Some young guy rode off on my husband's bike a few years ago, and he had to
run after him, and jerk him off the back of the bike to get it back. Then some
other guys hollered at him to ask what was going on, so he yelled back that
the guy was stealing his bike, and the guys then laughed and forgot about it.
At the time, there were no emergencies going on, and it happened a few years
before the "recession". So if there's no gas available, or the limited
gas is really high priced with long lines like it was when we evacuated in
advance of Hurricane Rita, bikes will look pretty good to those without transportation.
(Yes, we both had locks on our bikes for the Hurricane Rita evacuation).
I should mention that our truck had two tire blowouts during the
evacuation, so we now have an extra mounted tire available to throw
in the bed of the truck if we have to evac/bug out. Those inflate-a-tire cans
won't do much for shredded tires. And my husband checks [the two spare] tires
every spring when I do hurricane prep[aration checks and supply refurbishment].-
I just read the article on Bicycles as Bug-Out and Utility Vehicles.
been on vacation by bicycle in Italy several times.
Always keep at least
one spare tire and at least 4 inner tubes with you on multi-day trips. Buy
the tubes on different occasions at different stores. I once had a batch of
four inner tubes that all leaked! Tubes are made in production batches and
sometimes a production run goes terribly bad.
Also remember the experience in the Netherlands in the Second World War. Everybody
was cycling around with wooden wheels [or even on bare rims] since there were
no tires left. They are the hardest part to get in a SHTF scenario. Most other
by breaking apart other bikes but tires completely run out after a year. I
have at least four tires of every type I need at home. I also have a 80 year-old
very strong transportation bike which has tires that are extremely durable.
Some postmen use these tires. (Called "transport, extra heavy")
They cost a bit more (about 30 Euros per tire) but last easily 5+ years
and for some reason they simply cannot get leaks in their inner tubes. I never had
a flat in 15 years, only one tore apart because the inner tube was too old
(!) and the bike was standing parked in full sun (so don't do that ;-))
I use different types of tires for different types of functions. For everyday
Utility I use my extra heavies, for speed racing I use very fast but fragile
tires and on longer trips I use road touring tires. These are thicker and less
fast but a flat tire will bring your daily speed down too. Don't "save money"
and buy bargain-priced tires because the more expensive ones are really worth
For parts: well, just use a bike with less parts for everyday use. After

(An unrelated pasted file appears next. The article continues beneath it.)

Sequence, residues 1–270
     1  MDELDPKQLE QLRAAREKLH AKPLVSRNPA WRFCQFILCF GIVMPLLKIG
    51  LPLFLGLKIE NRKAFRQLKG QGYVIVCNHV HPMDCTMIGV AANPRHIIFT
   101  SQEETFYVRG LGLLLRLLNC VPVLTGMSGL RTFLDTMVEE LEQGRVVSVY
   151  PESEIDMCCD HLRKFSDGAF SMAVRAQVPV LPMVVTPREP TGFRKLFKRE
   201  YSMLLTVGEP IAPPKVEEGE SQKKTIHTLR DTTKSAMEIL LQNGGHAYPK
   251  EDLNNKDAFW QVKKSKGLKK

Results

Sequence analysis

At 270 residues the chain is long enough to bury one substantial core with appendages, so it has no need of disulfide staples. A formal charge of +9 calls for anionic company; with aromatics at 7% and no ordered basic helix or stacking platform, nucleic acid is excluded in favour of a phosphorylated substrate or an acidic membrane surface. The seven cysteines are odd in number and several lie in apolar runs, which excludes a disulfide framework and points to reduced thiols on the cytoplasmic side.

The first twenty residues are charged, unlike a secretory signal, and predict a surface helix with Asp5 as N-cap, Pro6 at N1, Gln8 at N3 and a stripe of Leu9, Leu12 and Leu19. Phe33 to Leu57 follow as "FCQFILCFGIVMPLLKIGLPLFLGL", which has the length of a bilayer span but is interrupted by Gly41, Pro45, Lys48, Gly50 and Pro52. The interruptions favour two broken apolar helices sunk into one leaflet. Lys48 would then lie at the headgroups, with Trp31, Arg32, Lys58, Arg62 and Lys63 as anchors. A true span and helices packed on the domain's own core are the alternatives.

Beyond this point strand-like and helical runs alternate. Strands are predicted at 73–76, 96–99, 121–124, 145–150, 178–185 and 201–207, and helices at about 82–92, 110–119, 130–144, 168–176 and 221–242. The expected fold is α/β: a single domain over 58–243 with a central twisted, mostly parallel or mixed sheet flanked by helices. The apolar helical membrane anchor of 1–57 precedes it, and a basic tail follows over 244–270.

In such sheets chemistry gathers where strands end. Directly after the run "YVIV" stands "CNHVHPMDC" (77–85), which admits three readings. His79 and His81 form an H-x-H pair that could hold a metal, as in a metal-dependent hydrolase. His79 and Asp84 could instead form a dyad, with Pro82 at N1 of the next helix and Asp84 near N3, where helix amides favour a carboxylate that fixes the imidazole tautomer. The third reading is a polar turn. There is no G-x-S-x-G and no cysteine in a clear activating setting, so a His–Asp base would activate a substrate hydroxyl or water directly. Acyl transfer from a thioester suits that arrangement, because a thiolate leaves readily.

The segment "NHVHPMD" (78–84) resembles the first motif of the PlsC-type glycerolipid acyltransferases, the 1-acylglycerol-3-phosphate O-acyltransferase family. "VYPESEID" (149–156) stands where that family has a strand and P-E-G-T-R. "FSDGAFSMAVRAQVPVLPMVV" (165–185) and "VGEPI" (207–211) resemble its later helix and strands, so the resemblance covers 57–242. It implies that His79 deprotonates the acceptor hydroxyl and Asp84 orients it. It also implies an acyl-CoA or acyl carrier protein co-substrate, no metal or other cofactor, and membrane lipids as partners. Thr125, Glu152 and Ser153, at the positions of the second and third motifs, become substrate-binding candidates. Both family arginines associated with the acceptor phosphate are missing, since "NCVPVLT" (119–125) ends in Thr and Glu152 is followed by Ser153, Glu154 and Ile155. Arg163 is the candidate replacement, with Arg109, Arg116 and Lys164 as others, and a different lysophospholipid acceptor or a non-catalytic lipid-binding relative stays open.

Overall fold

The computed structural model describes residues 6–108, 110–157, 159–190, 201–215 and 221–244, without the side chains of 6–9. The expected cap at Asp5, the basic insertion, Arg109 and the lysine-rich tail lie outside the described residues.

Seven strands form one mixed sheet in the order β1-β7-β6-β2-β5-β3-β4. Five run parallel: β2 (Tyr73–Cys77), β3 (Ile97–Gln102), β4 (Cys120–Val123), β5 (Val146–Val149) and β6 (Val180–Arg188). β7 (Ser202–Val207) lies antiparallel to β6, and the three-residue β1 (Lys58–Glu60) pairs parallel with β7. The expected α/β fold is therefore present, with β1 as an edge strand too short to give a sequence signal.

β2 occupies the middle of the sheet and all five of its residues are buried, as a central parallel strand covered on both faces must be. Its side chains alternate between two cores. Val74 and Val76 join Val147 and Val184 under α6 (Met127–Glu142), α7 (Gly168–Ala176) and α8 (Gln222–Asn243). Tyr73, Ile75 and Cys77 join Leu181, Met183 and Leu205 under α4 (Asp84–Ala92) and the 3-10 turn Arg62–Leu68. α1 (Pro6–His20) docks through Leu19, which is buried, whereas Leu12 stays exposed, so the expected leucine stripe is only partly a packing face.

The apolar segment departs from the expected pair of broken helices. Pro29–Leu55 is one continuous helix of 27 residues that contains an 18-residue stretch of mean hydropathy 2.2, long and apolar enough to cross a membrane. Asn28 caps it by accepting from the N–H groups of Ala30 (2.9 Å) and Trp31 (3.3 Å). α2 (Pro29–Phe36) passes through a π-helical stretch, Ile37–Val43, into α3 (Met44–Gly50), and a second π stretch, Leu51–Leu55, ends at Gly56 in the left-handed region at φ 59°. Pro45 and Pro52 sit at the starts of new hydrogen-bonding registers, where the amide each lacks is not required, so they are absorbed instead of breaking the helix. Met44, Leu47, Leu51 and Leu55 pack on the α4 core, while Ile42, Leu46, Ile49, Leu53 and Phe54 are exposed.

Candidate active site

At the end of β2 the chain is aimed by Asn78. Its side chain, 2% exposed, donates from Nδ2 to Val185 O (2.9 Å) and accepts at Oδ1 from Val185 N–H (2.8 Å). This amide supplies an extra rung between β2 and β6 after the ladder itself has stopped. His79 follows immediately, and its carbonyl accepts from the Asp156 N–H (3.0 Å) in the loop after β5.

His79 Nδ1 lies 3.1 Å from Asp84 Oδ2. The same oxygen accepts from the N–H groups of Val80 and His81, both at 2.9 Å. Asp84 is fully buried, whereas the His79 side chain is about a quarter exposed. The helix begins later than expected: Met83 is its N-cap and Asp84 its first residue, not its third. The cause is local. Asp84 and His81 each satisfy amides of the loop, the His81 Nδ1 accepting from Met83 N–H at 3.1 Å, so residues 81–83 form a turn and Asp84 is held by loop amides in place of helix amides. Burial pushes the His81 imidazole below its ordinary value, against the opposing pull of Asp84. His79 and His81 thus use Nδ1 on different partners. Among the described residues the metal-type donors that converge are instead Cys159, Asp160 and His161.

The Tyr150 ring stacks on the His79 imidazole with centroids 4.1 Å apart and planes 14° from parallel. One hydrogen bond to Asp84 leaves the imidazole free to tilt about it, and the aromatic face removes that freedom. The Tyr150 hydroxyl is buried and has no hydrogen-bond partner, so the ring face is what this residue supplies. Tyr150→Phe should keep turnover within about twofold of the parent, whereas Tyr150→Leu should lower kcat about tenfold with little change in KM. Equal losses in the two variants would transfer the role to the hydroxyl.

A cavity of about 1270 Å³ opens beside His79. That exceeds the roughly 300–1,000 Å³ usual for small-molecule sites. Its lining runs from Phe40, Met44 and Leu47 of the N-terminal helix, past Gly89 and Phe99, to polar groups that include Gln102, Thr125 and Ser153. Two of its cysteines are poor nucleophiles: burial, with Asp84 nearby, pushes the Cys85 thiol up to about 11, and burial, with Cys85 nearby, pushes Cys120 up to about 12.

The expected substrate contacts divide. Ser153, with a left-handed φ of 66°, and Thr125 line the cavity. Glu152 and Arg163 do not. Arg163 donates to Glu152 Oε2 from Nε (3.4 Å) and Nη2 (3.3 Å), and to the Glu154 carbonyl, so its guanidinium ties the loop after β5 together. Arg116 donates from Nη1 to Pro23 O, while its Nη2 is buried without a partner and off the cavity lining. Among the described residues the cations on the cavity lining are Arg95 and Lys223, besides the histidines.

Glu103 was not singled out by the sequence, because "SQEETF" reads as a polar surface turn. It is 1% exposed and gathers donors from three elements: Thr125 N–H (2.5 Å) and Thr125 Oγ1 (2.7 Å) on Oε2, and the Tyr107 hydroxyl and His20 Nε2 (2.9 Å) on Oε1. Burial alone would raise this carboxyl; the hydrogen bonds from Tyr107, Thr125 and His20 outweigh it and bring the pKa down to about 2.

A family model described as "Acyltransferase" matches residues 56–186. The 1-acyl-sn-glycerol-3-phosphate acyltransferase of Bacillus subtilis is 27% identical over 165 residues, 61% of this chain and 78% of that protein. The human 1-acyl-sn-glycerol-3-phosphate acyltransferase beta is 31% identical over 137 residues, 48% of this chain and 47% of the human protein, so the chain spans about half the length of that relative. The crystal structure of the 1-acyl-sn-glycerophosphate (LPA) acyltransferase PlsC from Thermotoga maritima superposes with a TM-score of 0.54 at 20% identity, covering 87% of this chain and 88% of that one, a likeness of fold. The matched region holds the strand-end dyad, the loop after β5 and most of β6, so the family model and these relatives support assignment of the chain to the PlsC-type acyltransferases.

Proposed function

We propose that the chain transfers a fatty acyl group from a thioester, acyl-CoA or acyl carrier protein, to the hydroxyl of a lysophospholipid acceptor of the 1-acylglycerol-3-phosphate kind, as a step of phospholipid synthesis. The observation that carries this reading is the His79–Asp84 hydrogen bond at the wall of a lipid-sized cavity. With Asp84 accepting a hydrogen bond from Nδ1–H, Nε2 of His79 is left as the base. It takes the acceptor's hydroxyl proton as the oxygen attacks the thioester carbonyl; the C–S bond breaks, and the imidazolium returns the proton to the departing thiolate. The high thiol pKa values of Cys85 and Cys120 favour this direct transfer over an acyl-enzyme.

a long period they all run out, even yours. The best Utility bikes are in
my opinion so called strong old quality "dutch bikes" with no gears,
no handbrakes, no headaches. For inner city everyday use this is just perfect.
On vacation I of course use a different bike. Light, strong and with 21 gears.
I use and maintain it often. Grease is a good friend. If you use the bike often
it pays back to initially spend a bit more on them. On vacation I take with
me extra brake shoes, a gear cable and gear connector. With good gear I never
had real problems. Also a basic multitool and bike gear (Allen keys, wrench
10, 12, 15, practice what you need). Install quicklock systems to have less
nuts & bolts and to work faster and with less tools. I have hydraulic brakes
which are very strong, reliable and never let me down in 10 years.
A mountain bike for bug-out is nice but heavy, not very fast and not very useable
for long distances. You will get tired faster. Typical mountain bike tires
offer more resistance and are far less fast. A mountain bike is of course very
good to stay off road and for special ops. It depends on your situation, but
I have very good roads everywhere, also on places were you will hardly meet
anyone. I prefer asphalt roads along waterways for example. Speed is more important
for me. Stay in front of the hordes and get out fast! I have a very light racing
bike to keep me in shape which is part of my prepping. Maybe getting in shape
is the first and far most important reason for having a bug-out bike at all.
I also keep a little bug-out bag stored with my racing bike with essential
light weight survival gear (knife, Micron stove, Maglite, Katadyn water filter,
etc.) and three days of preps. That should get me out 450 kilometers at least.
Enough cash will buy me a place to stay and eat after that. If you go on vacation
on a bicycle you will find out that there are always helpful people around
when you arrive somewhere with a friendly face when I arrive sweaty and
I have respect for your blog! It has taught me a lot. I hope to do something
in return by writing. Regards, - Jeroen in Holland
Be aware that AirfreeTires.com offers
polyurethane microfoam tires that cannot go flat or blow out. I prefer these
two varieties of tires:
26x1.9 Sierra Unidirectional
26x1.9 Ocelot High Rebound
They have little rolling resistance under my 280 lbs. I have used them since
October, 2001. IMO the ride is comparable to Michelin Wildgripper Sprint 26x1.95.
Regards, - Vlad